Look out for others
WITH the final weeks of 2016 upon us, it is a good reminder to think about what has happened over the year, the things we have achieved and also what the new year will bring.
For some, this time of year can be challenging.
This is particularly so for people who are experiencing isolation, loneliness and mental health issues, as we are bombarded with messages of family celebrations, gifts and holidays.
Young people who may be facing some big life changes such as starting a new school, awaiting exam results to get into higher education, or commencing employment can be the most vulnerable. When normal routines change and daily structure is altered, along with missing regular contact with friends or having to financially support themselves, it can cause additional pressure.
During these times, it is valuable for families and friends to be aware of signs and symptoms that something might be wrong with their loved ones.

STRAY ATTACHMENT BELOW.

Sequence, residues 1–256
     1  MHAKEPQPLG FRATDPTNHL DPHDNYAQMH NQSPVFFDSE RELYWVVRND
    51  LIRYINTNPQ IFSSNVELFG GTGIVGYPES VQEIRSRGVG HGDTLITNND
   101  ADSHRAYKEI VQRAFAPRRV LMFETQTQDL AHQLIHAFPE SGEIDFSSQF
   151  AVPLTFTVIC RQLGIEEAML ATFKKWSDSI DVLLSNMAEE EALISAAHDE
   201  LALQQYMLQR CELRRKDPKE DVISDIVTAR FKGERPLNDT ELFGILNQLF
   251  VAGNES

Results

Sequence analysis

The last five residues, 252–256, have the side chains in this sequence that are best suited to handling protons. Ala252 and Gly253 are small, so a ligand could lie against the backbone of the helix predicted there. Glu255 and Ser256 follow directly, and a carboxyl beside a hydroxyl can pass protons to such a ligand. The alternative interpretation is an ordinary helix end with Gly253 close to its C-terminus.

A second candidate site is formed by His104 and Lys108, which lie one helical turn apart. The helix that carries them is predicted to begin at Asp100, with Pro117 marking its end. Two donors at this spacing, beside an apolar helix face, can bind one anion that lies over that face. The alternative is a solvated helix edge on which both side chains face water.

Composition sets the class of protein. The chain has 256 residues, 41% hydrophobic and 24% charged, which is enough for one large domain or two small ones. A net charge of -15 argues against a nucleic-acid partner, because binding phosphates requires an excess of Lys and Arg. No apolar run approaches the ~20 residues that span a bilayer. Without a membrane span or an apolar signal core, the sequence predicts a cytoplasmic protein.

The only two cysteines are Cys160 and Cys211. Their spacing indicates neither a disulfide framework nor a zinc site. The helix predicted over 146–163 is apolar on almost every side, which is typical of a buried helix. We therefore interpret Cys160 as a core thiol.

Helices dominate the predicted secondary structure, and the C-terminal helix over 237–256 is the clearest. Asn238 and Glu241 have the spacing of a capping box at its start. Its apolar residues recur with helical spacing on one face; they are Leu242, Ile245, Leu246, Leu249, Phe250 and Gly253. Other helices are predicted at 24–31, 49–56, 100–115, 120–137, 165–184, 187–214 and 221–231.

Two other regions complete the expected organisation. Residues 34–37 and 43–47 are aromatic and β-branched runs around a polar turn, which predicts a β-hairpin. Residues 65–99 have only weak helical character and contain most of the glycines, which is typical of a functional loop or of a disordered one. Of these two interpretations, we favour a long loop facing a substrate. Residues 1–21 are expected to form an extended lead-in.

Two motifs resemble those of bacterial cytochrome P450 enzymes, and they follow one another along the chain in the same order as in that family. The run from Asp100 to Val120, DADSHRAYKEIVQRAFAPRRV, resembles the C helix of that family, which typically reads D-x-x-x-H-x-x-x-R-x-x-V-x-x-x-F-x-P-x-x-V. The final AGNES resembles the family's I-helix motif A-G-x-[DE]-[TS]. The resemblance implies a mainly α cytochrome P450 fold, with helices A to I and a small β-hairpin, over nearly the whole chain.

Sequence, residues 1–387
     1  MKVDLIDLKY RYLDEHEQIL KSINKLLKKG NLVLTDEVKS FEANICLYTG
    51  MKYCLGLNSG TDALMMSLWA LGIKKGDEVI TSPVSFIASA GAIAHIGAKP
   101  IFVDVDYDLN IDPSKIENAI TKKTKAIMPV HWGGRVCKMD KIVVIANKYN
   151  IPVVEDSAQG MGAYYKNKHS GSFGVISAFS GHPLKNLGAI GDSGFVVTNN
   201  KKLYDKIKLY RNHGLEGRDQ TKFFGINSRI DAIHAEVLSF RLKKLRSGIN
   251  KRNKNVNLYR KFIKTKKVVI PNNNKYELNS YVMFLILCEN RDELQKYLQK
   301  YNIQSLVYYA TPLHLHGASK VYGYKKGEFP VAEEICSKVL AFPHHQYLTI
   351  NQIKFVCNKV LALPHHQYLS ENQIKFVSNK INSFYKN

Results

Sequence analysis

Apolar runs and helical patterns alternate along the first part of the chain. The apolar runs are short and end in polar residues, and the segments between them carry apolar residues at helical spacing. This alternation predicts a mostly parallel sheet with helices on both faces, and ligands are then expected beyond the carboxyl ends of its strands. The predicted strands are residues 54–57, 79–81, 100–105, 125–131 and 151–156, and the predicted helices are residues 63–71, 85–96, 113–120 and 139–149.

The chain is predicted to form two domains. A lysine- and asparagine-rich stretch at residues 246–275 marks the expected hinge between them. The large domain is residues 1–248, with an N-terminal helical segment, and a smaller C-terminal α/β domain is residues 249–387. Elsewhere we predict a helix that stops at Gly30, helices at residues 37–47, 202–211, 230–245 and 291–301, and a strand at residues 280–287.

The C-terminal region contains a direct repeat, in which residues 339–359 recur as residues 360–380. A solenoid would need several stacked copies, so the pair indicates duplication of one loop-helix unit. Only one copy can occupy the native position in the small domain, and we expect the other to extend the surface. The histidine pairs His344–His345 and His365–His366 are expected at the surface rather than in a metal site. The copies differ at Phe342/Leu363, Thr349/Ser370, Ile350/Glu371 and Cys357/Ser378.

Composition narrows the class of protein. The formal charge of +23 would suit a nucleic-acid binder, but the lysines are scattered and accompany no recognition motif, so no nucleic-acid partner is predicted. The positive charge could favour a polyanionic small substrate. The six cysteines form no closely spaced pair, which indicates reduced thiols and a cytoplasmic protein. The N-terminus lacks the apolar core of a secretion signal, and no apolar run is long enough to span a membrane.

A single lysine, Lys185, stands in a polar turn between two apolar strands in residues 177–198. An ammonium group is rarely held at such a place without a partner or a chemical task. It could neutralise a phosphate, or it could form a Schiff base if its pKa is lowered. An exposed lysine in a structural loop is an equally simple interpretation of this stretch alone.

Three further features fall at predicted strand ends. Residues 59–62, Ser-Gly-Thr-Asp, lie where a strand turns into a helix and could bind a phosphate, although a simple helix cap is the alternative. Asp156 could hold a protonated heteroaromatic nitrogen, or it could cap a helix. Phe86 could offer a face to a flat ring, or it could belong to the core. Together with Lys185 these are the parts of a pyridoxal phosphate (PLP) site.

Being withdrawn, not doing the things they would normally enjoy, ongoing worry or irritability are just some of the changes to look out for.
If you need support or advice, headspace is here to help.
As the National Youth Mental Health Foundation, headspace provides support to young people, aged 12 to 25, who are going through a tough time, and their parents.
This can include support around mental health, physical health, work and study or alcohol and other drugs.
No matter where you are, you can access help through one of our 95 centres in metro, rural and regional areas of Australia, which you can locate on our website headspace.org.au along with mental health and wellbeing resources.
You can also access help via eheadspace.org.au, which provides online and telephone support between 9am and 1am, seven days a week.
From everyone at headspace, we wish you and your family a safe, relaxing and enjoyable break over the holidays.
DR NATALIE GRAY
headspace chief medical officer